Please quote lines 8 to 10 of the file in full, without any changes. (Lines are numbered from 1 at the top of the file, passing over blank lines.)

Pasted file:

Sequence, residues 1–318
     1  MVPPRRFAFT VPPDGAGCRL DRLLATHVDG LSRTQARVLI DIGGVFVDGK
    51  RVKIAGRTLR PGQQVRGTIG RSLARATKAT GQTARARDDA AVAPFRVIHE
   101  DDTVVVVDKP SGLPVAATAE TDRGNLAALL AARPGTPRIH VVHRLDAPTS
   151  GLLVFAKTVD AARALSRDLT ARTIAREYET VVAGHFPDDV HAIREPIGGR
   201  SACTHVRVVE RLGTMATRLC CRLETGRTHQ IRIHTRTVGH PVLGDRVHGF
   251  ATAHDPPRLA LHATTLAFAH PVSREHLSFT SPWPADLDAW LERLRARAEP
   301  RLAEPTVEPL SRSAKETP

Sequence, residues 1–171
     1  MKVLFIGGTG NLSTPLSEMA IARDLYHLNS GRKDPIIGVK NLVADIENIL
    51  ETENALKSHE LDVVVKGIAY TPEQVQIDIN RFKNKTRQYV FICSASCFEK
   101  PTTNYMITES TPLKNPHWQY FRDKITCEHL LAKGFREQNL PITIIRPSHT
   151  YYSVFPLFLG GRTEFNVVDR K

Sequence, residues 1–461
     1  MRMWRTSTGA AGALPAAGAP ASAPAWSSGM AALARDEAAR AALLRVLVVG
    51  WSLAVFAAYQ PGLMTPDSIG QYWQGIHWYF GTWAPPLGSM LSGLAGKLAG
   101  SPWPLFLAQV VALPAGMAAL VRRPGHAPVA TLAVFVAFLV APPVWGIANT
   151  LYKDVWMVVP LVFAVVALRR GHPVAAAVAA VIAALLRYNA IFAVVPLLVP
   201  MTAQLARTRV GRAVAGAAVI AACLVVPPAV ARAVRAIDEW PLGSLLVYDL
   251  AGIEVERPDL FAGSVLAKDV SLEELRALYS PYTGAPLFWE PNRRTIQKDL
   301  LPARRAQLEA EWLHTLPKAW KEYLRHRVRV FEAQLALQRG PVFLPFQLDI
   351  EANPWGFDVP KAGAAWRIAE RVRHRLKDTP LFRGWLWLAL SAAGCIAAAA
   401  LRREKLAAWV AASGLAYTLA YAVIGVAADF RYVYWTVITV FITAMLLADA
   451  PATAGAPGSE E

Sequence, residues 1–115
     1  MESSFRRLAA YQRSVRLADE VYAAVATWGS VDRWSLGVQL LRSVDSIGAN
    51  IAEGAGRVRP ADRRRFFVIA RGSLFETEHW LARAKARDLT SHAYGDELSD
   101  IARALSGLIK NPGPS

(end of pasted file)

   301  RLAEPTVEPL SRSAKETP

Sequence, residues 1–171
     1  MKVLFIGGTG NLSTPLSEMA IARDLYHLNS GRKDPIIGVK NLVADIENIL